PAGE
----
Updated: Nov 5, 2021
In this blog I will discuss about two closely related structural topics. Soft storey and weak storey. Though these are 2 different things, the situation that creates these 2 weaknesses are very similar in nature. Please also note that these two issues are the result of absence of one or two or three among the 4 virtues of seismic resistance namely good structural configuration, adequate lateral strength and adequate stiffness.
Both these terms are related to a weakness or an undesirable occurrence in a building structure. This situation is arising due to either a poor Architectural and structural scheming or sometimes due to challenging Architectural and functional requirement. What ever be the reason, these are undesirable irregularities which makes the building weak during any lateral loads like the seismic or wind load.
The best to do for a better structural performance during an earthquake is to have very regular buildings. Having said this, it is important to know what situations can create these undesirable conditions.
Soft storey is a situation when the upper levels of a building is stiffer than the lower storey. This can result in undesirable performance of the building. There are many situations when a storey above can be stiffer than that below it. Some practical examples are discussed in the below mentioned points.
When there is stilt in the building.
A Stilt is a common requirement in many apartments. A stilt is a floor where you have parking. Due to the parking requirement, there won’t be any masonry walls between the frames. In upper levels since the functional usage demands infill walls, it will exist and the stiffness of the walls plays in to action when there is a seismic activity. This is an undesirable situation especially in seismic zones and needs special attention structurally. Please also see the video to understand what code says about soft storey.
When a mivan technology is used in construction.
Mivan technology is a formwork technology that helps to speed up construction. This technology is widely used in India now especially for low-cost housing. Most of the budget apartments that you see in tier 1 cities in India are constructed using Mivan technology. The irregularity of buildings occur due to the same reason as mentioned above. Most apartments will need stilt parking. When you use mivan technology, all walls are made of RCC. Even the partition walls are RCC. This makes the stiffness difference even more.
Floor height variation.
Many buildings like hotels, rail stations, institutional buildings and many more buildings based on its functional use may need more height for bottom floors or some of the upper floors. The need for larger height may be due to the space requirement vertically or many times for light and ventilation due to large people assembling there. As we all know, stiffness is also dependent on the nearness or farness of the support. In this case that is the floor height and hence if the height is more, obviously the stiffness is lesser. This can create stiffness variation across floors and make the building susceptible to seismic or lateral loads. This situation is another form of irregularity and needs special attention as it qualifies in to this soft storey or weak storey case and sometimes in to both.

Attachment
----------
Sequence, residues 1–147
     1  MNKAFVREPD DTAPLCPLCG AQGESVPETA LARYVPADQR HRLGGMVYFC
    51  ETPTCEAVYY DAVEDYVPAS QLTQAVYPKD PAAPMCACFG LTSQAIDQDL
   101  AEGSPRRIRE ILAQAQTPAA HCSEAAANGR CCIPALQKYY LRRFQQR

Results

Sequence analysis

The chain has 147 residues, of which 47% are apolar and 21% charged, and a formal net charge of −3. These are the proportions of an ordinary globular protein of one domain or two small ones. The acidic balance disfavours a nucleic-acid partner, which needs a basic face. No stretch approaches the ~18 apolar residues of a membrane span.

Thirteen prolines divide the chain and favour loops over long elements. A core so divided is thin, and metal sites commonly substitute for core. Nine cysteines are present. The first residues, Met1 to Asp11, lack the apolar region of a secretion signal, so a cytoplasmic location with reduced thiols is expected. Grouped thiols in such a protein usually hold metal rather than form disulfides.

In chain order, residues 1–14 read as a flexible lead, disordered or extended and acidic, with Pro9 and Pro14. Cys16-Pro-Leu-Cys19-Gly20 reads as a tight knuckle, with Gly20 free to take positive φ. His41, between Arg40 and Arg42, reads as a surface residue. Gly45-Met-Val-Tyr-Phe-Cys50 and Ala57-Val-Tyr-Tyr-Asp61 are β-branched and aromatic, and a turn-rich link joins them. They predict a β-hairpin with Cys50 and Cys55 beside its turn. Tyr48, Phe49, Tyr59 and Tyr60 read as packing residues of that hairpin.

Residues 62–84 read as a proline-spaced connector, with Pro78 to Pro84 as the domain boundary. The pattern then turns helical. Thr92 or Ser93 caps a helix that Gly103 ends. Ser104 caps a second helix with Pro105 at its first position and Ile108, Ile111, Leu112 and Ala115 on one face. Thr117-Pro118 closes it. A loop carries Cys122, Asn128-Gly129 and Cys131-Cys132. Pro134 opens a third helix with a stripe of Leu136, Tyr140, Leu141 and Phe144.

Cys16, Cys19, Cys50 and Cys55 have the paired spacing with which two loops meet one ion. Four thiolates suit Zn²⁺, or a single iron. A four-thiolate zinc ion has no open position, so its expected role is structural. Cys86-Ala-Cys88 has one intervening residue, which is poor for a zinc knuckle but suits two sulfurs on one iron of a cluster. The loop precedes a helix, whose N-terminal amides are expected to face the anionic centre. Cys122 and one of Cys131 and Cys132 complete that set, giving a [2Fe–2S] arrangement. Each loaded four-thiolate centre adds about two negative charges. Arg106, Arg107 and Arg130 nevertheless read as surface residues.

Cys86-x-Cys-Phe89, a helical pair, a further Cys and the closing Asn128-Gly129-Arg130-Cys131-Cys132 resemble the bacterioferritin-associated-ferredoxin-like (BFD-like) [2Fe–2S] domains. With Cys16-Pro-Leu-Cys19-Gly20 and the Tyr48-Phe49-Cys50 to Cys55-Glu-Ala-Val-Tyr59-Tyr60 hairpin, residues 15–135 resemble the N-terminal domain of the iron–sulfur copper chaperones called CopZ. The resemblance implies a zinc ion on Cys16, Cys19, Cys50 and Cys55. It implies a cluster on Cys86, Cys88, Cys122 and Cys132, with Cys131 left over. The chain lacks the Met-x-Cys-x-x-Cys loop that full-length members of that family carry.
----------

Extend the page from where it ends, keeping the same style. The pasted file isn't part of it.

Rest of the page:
Mitigating Soft storey complications.
As already mentioned, the best thing to do is to try to scheme it properly and avoid such situations. If unavoidable follow all the code provisions as in 1893-2016, the seismic code of practice.
The older code 1893 2002 was more liberal. However, the new 1893 2016 is more stringent in dealing with soft storey.
The seismic code 1893 2016 Table 6 says that structural plan density needs to be calculated for unreinforced masonry and if it is more than 20% then it needs to be modelled as per clause 7.9 1893 2016. Further the code says that the maximum forces in bare frame or the model in which the effects of unreinforced masonry is captured should be taken.
Clause 7.9.1 1893 2016 elaborately explains how the un reinforced masonry needs to be modelled for analysis. It basically recommends to model a diagonal equivalent of the masonry. The width of the diagonal is all defined in the clause and you can calculate and model it with out a rigid connection at the ends joining the frame.
Clause 7.10 also recommends to provide compensating stiffness in the form of diagonal or shear wall that goes till the roof. This is a recommendation to improve the scheme. Note that Clause 7.9 is providing information on how to model the effects of masonry where as clause 7.10 is mentioning what is the actual scheme needed at site and design. There are many more provisions which needs to be carefully considered and executed in design and detailing. The objective of this blog is to provide basic information about these two weaknesses and not to discuss the entire design methods. That will be covered in our structural design courses.
A weak storey is a storey which is weaker than the storey above it. The situations that will create a weak storey is exactly similar to what you have in soft storey. Therefore, there is no need for me to repeat the reasons for a weak storey. The very same stilt and height differences are the major reasons for weak storey aswell. Also provision of openings in lateral load resisting mechanisms like shear walls can result in undesirable weakness in the building. Some times the shear wall shifts from its continuity in the scheme due to architectural and functional reasons and creates undesirable weaknesses. This should be avoided to ensure more regularity